Labor seeks its old clout

Staying Ahead

April 22, 1996|By JANE BRYANT QUINN

NEW YORK -- Can labor unions recapture the allegiance of American workers? An optimistic John Sweeney, new president of the AFL-CIO, thinks conditions are ripe to stanch the moribund movement's decline. Workers who thought they could do without unions are ready, he thinks, to reconsider.

"It's out of a sense of crisis in their own lives, their job insecurity, their economic problems and their frustration," he said.

"They see stocks booming, productivity improving and executive compensation going up while they're not getting their piece of the pie."

These trends are hardly new. Real wages for workers have been eroding for 20 years. Corporations have been restructuring and firing workers wholesale for about the past 10 years.

Yet labor has been surprisingly quiet. Unemployment has fallen, which means people have found other jobs -- although often at a lower wage. Younger workers adjusted their lives to the economic realities by marrying later, having fewer children and creating the two-income couple as America's marital standard. Furloughed older workers took early retirement and supplemented their pensions with lower-wage or part-time work.

All during this period, union membership declined. Unions couldn't protect all the members they had and showed little interest in recruiting new ones. Most of them also ignored the women, minorities and immigrants who made up a growing portion of the work force.

In the 1980s and 1990s, a rising percentage of union members turned to the political right, in support of its conservative social and anti-government agenda. They seemed not to care about FTC the right's hostility to traditional union concerns such as enforcing the laws on workplace safety or making it hard for employers to replace striking workers.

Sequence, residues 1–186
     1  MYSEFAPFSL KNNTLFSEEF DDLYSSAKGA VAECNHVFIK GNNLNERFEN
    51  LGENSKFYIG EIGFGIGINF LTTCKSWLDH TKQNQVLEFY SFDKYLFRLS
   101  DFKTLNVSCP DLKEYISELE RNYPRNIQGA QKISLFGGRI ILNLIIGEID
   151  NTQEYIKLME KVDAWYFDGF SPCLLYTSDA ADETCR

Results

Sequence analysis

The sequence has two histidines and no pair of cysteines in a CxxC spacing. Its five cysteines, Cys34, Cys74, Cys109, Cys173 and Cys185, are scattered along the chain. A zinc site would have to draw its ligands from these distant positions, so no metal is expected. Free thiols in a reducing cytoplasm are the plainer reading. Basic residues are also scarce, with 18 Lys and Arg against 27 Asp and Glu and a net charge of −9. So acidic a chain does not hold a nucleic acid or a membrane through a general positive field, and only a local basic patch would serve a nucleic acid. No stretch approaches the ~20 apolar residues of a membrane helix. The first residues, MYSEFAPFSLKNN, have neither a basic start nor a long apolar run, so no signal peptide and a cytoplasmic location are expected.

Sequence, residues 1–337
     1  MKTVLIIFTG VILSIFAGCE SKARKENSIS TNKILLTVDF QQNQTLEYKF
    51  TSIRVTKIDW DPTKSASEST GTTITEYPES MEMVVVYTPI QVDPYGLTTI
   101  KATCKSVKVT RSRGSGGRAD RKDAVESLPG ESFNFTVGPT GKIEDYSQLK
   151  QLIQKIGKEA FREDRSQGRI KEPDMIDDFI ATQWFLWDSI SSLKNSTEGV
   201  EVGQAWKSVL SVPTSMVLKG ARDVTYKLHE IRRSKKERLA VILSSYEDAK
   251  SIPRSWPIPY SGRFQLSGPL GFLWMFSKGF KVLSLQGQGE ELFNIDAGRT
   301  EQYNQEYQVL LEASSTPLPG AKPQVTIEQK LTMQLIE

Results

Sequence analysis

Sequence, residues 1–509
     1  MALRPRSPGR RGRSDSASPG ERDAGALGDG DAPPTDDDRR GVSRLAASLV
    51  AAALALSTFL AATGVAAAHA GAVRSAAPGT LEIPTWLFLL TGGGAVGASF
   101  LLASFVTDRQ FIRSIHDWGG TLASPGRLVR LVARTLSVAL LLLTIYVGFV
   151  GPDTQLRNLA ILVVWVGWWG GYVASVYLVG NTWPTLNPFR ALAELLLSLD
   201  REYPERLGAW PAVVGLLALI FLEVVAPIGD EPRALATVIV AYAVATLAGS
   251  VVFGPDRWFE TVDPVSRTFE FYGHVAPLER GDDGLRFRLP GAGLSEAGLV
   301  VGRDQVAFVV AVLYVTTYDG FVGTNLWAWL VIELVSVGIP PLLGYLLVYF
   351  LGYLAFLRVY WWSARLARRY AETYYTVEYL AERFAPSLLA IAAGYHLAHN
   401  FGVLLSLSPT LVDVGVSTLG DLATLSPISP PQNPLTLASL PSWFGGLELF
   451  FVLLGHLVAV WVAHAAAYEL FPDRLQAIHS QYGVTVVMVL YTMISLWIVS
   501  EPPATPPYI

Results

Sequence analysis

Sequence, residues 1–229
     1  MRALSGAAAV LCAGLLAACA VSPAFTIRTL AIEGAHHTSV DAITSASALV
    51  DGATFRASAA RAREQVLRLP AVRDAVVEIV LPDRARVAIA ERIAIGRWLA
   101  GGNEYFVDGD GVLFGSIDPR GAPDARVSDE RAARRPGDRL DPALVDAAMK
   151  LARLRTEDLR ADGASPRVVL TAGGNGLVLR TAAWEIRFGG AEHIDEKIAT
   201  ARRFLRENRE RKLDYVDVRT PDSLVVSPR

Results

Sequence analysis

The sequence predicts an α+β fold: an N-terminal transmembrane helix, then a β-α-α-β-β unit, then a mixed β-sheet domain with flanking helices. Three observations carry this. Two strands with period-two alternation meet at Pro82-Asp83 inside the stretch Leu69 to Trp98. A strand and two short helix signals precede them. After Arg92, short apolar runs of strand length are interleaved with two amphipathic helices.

So Sweeney has a job on his hands. "For us, it's now or never," he says. "The situation deteriorated gradually, but is now so bad that it's finally hit home among union leaders that things have to change." A mere 14.9 percent of the work force is unionized today, compared with nearly 30 percent in the 1960s.

At the AFL-CIO, Sweeney is himself a change -- winning the presidency last October in the federation's first contested election. To bring labor back from irrelevance, he needs two things: more members and more members who vote for politicians with pro-labor records.

The conservatives have offered workers a compelling vision of why there's a growing gap between their wages and those of the well-to-do. It's the fault, they say, of big government, big deficits, big tax bills and welfare.

"That's fantasy," Sweeney snaps. "That hasn't caused the wage gap." What's more, he says, "our members who voted for some of the freshmen in Congress in 1994 didn't vote to see their Social Security, Medicare, Medicaid, education and environment spending go down the tubes."

To get out that message, he's allotting $35 million to political campaigning this year, supported in part by assessing the AFL-CIO's 78 national unions at 15 cents a member each month.

The money won't be spent in support of particular candidates, although the AFL-CIO has officially endorsed the Clinton/Gore ticket. Instead, Sweeney is embarking on an education and advertising campaign to persuade union members to give more weight to labor issues when they vote.

To this end, he's running focus groups, to find out how to appeal to union members; recruiting local political organizers; and promoting a 1996 Union Summer, when 1,000 young people will go to work on union issues.

He also is allocating $20 million over two years to organize new workplaces, especially the women, minorities and exploited immigrants that labor spurned years ago.

Management has dozens of effective ways to discourage, stall and defeat unionizing efforts, including illegally firing activists on trumped-up charges of poor work performance. To fight back, Sweeney plans to use tactics borrowed from the feminist and civil rights movements, including demonstrations and civil disobedience.

His success, however, hinges on persuading the public that labor is moving not selfishly but to right a wrong.

"I am very confident about it," he says. "If we recognize our faults and change according to the needs of the times, we're going to turn the whole scene around."

Write to Jane Bryant Quinn at: Newsweek, 444 Madison Ave., 18th floor, New York, N.Y. 10022.

Pub Date: 4/22/96

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